Over the past several months, I’ve been making a more conscious effort to be eco-friendly. I admit that I haven’t always been great at this, and that blase attitude—that “this small thing won’t matter”—is a huge problem that I’m trying to move away from. The reality is that it takes only a small bit of time and effort to be more intentional in how we live our lives and keep our home. A small disclaimer, though: There are a million things I could improve on. I’m hoping that making small (but important) steps will help foster a cumulative good that I can keep pushing more and more.
I was just discussing with one of my friends how I am always looking for ways to streamline and create more efficient ways of doing things. Managing my time and projects from top to bottom is fun for me. The downside of that is that I tend to obsess over the time I have available and look to maximize every bit of it. I think that’s often where some people stop where “going green” is concerned. In theory, it’s fun, easy and important. In execution, it sometimes requires new routines and new intentions. So, for that reason, in our lives at home, my top priority is to always integrate eco-friendly or green initiatives in ways that make sense. Would I love to grow a large percentage of our own food? Sure. But that’s not going to happen right now. We’re not even allowed proper gardens where we live! (Tomato stands, fine. Rows of corn? Not so fine.)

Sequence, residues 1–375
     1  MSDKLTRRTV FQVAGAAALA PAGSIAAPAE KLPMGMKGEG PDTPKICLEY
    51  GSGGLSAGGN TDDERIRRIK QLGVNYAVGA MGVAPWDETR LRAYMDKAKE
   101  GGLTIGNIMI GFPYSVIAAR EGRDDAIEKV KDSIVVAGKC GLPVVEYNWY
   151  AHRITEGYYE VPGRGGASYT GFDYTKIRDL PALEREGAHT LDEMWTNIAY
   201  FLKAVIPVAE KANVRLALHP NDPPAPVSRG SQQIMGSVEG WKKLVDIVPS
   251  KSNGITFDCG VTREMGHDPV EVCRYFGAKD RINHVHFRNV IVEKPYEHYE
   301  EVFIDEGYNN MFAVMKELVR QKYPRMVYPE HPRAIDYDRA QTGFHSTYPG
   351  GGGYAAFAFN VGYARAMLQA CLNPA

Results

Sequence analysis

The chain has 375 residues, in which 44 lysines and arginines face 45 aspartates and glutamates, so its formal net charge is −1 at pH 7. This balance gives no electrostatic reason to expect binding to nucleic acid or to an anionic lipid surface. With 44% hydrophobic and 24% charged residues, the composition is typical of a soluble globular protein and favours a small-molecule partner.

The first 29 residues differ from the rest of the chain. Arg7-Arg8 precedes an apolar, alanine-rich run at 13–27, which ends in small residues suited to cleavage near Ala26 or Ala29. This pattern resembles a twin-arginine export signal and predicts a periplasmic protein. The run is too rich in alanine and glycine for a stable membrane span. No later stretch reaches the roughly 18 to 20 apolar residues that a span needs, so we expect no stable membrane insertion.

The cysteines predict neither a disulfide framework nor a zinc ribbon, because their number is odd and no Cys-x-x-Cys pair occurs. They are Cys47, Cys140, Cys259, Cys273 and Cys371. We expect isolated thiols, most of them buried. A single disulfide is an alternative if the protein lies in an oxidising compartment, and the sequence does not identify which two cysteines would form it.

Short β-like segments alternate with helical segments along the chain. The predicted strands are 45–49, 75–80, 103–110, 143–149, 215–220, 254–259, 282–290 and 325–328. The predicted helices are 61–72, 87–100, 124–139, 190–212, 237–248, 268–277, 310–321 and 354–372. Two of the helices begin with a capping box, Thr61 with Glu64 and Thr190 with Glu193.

I’ve posted below a few of the things we are doing or trying to do more of. If you have any additional suggestions, I’d love to hear them!
- Recycling may sound too obvious to list here, but I’m guilty of not always recycling everything I could every single week. The past month or two I’ve made a renewed effort to recycle—ruthlessly. There’s a lot of things you may not be aware you even CAN recycle. Check your county sanitation website to be absolutely sure, but this graphic gives a pretty basic outline. The trick is make recycling as easy as possible. Easier than discarding something into a trashcan. Obviously, that means placing recycling bins everywhere you have trashcans in your home. Put recycling bins even where you don’t have trashcans. Don’t give yourself an easy opportunity to throw a bottle in the trash.
- I love our house super cold in the summer. I have a great thrill walking from the gross, nasty humidity into a cold—nearly chilled—home. I like sleeping under blankets instead of on top of them. I like a rotating ceiling fan on top of a blowing A/C vent. In the interest of saving money and energy, I’m trying to be more reasonable about our summer thermostat temps. Luckily, this summer has been so hot, that I haven’t had much of a choice some days—our A/C can barely keep up when the temps top 100. Winter is no problem for me—I prefer not to have the house toasty warm. I’d rather wear a sweater and sip a cup of something warm under a blanket on the couch than wear shorts and a tank top inside mid-January.